Surprising but True—Hair Dyeing, Face Painting, Immodest Dresses, Jewelry Wearing, Are as Ancient as Christianity.
Before the final visitation of God's judgments upon this earth, according to The Great Controversy, there will be among His people such a "revival of primitive godliness as has not been witnessed since apostolic times" (page 464). What is meant by "primitive godliness"? Webster says that the word primitive pertains to "the beginning or origin; earliest in time." If this statement has reference to the godliness of early Christianity, which we may understand it to do by the reference to "apostolic times," then we may assume that the pure faith and practices of the early church form a part of primitive godliness.
A careful study of early church history reveals that the Church Fathers in the first and second centuries advocated the strictest adherence to high standards of conduct, dress, morality, recreation, and temperance. Several of them were rather explicit in defining how these standards were to be carried out in the lives of their followers. A closer look at the writings of these men should give us a clearer insight into what is meant by primitive godliness. For the sake of brevity we shall confine this discussion to the matters of dress and "outward adorning."
Disapproval to Open Hostility
Christianity in apostolic times was no more popular than had been its Founder, either to the leading Jewish religionists of the day or to the pagan populace. The church in its first two hundred years found itself faced with attitudes fluctuating from mild disapproval to open hostility, often in the form of persecution. The martyr's death became a thing to be coveted by many Christians more than feared. The concept of being separate from the world was a reflection of the apostles' teachings. Peter had called Christians a "peculiar people," "strangers and pilgrims" (I Peter 2:9, 11). Paul, writing to the Corinthians, urged them to "Come out . . . and be ye separate" (2 Cor. 6:17). John reminded his flock that the love of the Father and the love of the world cannot exist together, that the "lust of the flesh, and the lust of the eyes, and the pride of life, . . . is of the world" (I John 2:15, 16).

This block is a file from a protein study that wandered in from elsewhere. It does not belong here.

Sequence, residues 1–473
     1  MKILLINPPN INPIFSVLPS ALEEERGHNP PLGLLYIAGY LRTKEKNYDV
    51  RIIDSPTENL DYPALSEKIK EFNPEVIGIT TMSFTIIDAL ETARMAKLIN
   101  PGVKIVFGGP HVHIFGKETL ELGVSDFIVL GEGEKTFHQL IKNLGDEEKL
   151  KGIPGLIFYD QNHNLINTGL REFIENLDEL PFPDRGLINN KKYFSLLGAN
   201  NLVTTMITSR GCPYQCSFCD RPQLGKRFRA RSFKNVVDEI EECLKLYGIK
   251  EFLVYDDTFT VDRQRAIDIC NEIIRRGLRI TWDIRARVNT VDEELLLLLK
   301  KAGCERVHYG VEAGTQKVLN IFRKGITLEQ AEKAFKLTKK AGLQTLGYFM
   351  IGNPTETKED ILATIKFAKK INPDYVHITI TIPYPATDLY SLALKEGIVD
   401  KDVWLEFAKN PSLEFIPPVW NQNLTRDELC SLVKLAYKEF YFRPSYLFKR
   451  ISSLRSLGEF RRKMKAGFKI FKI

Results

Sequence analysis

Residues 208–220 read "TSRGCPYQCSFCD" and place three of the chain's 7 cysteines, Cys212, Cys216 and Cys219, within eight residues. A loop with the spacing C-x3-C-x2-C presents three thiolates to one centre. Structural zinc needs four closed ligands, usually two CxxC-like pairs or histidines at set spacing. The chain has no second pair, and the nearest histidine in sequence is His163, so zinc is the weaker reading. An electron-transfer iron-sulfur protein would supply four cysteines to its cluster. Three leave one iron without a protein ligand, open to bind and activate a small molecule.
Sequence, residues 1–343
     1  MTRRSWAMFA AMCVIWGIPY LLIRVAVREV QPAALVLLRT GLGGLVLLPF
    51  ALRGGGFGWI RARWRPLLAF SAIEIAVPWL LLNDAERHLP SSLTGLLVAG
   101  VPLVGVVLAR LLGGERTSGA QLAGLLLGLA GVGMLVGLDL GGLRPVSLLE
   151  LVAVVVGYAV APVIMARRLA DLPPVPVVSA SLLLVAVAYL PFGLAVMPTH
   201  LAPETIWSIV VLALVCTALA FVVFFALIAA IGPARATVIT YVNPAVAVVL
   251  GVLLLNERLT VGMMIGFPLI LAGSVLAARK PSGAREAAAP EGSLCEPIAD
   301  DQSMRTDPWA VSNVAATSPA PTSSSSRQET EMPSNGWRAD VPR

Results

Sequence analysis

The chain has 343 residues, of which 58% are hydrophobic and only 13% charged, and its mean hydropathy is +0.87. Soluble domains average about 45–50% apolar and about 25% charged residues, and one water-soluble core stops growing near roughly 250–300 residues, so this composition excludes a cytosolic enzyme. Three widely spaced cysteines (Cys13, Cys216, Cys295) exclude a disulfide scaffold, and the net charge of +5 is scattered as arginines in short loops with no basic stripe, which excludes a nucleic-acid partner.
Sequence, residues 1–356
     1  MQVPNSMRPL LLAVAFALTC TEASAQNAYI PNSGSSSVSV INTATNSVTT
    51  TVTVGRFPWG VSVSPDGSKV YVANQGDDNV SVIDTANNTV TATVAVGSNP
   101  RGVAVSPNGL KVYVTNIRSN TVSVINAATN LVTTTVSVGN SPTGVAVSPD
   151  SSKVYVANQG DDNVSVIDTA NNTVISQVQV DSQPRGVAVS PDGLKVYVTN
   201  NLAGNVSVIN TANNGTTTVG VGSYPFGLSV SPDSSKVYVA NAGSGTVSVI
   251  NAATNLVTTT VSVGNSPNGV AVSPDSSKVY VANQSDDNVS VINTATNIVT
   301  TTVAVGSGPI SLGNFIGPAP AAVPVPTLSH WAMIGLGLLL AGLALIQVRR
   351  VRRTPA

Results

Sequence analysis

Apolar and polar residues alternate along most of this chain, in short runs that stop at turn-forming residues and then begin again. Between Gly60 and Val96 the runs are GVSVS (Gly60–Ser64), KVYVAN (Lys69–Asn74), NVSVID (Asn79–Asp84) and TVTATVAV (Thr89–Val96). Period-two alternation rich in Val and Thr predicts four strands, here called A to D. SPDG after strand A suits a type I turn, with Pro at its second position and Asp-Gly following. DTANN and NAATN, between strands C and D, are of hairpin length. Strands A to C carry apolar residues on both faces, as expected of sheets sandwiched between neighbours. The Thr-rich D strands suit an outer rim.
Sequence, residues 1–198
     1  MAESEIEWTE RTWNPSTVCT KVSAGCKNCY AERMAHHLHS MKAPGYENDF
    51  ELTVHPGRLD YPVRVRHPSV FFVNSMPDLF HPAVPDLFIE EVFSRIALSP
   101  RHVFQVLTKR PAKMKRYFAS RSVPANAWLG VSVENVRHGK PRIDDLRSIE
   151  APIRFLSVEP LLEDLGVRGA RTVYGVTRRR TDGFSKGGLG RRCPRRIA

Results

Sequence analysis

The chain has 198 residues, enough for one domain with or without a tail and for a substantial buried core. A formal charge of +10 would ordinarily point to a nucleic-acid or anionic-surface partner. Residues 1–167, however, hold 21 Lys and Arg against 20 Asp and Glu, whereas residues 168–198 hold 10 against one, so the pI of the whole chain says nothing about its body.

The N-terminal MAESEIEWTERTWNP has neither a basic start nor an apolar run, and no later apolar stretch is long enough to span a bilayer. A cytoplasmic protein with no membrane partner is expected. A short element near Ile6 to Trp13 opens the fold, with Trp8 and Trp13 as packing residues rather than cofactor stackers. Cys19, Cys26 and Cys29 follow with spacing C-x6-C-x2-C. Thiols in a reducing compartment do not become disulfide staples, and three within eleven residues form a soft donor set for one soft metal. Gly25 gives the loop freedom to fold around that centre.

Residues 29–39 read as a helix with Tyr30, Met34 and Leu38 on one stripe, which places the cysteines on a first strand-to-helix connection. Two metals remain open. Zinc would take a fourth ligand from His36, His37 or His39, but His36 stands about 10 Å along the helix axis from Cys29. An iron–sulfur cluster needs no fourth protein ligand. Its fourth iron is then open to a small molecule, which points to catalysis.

The Inner Personality
They were specific in applying these basic principles to the daily life. For example, Peter, speaking to wives with unbelieving husbands, admonished them that their husbands might be won "simply by seeing the pure and reverent behavior of you, their wives. Your beauty should not be dependent on an elaborate coiffure, or on the wearing of jewelry or fine clothes, but on the inner personality—the unfading loveliness of a calm and gentle spirit, a thing very precious in the eyes of God" (1 Peter 3:3, 4, Phillips).* Paul writes: "Women again must dress in becoming manner, modestly and soberly, not with elaborate hair-styles, not decked out with gold or pearls, or expensive clothes, but with good deeds, as befits women who claim to be religious" (1 Tim. 2:9).
Two main main themes stand out in the apostles' teaching on this subject: The first is that the true beauty that God values must come from the "inmost centre of your being, with its imperishable ornament, a gentle, quiet spirit" (1 Peter 3:4, N.E.B.).t The other is that in the Christian's appearance there will be a significant absence of the artificial and superfluous, which appeal to pride and vanity—the gold, the jewels, the elaborate hairstyles and expensive clothes.
Beauty or Deformity
Clement of Alexandria, writing near the close of the second century, emphasized the first principle when he stated that women were to be well-clothed, "without by raiment, within by modesty" (Ante-Nicene Fathers, vol. 2, p. 252). He pointed out that "in the soul alone are beauty and deformity shown" (ibid., p. 268). He advised women to adopt simplicity, wearing the collars and necklaces of modesty and chastity as the chains which God forges (ibid., p. 270).